A nerve agent known as GB
Chemical name: Isoproyl methylphosphonofluoridate

Soldier and Biological Chemical Command (SBCCOM)

Headquartered at Aberdeen Proving Ground, Maryland, SBCCOM has a broad research, development and acquisition mission to ensure the decisive edge and maximum protection for the United States. SBCCOM develops, acquires, and sustains soldier, soldier support, and nuclear, biological, and chemical defense technology, systems, and services. SBCCOM also provides for safe storage, treaty compliance, and destruction of chemical materiel.[199]

Soman A nerve agent known as GD
Chemical name: Pinacolyl methyl phosphonofluoridate[200]
Tabun A nerve agent known as GA
Chemical name: Ethyl N, N-dimethylphosphoroamidocyanidate[201]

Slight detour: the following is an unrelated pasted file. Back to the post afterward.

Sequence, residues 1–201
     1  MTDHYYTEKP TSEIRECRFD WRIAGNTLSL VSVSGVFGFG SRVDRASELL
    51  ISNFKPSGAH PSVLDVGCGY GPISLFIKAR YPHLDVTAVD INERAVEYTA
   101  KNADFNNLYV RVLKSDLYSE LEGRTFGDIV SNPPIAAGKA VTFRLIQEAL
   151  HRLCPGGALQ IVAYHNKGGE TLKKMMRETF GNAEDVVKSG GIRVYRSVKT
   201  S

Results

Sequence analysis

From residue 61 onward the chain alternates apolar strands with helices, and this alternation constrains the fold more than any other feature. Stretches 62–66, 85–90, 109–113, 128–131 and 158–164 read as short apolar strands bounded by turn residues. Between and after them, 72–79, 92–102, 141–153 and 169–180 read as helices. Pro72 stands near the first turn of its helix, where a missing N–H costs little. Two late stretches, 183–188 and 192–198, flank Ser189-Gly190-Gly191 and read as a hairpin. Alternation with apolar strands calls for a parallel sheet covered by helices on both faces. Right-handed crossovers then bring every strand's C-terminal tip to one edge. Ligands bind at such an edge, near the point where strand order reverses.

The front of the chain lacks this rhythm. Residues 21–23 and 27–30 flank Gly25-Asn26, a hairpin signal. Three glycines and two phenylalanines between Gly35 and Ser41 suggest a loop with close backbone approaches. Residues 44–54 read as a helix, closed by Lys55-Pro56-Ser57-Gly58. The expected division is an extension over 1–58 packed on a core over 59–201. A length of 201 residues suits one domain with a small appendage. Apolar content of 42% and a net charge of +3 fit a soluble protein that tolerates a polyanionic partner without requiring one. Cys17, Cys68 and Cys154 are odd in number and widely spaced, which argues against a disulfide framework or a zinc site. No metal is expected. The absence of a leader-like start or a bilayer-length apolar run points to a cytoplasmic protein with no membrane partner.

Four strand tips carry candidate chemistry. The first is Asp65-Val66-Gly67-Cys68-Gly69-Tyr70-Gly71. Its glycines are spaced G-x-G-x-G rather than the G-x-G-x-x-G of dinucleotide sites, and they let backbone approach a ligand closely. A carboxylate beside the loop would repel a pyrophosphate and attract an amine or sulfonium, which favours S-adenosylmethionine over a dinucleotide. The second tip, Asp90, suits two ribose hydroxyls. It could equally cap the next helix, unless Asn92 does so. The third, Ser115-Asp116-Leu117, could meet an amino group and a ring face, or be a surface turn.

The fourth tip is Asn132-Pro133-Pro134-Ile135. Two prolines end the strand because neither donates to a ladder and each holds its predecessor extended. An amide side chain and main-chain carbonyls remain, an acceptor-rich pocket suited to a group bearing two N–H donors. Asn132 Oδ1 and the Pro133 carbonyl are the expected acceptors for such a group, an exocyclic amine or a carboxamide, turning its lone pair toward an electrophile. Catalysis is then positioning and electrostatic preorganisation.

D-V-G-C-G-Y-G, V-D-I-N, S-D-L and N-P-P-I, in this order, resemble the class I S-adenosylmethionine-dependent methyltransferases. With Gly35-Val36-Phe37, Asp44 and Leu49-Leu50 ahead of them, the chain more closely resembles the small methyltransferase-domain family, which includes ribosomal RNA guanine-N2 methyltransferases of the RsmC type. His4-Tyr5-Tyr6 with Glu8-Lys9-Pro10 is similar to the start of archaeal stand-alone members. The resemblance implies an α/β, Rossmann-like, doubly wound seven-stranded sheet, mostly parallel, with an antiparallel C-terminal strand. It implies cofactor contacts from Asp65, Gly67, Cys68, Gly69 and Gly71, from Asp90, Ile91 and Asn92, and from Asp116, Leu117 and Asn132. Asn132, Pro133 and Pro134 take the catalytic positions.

Task force

A temporary grouping of units, under one commander, formed to carry out a specific operation or mission; a semi-permanent organization of units, under one commander, formed to carry out a continuing specific task; or a component of a fleet organized by the commander of a task fleet or higher authority to accomplish a specific task or tasks.[202]

Universal Transverse Mercator Grid (UTM)

UTM is a coordinate system used for creating maps. The UTM system projects a series of intersecting grid lines on the Earth's surface, extending from 84 degrees north to 80 degrees south latitudes. Also called UTM Grid.[203]

Urticant A substance that causes a burning or itching of the skin such as that caused by nettle stings.[204]
V-series agents V-series agents are persistent, highly toxic nerve agents developed in the mid-1950s and absorbed primarily through the skin. V-series agents are generally odorless liquids which do not evaporate rapidly. The standard V agent is VX.[205]
Vesicant Agent that acts on the eyes and lungs, capable of producing blisters, and blisters the skin[206]
VX V-series nerve agent
Chemical Name: O-ethyl-S-(2-diisopropylaminoethyl)methyl phosphonothiolate[207]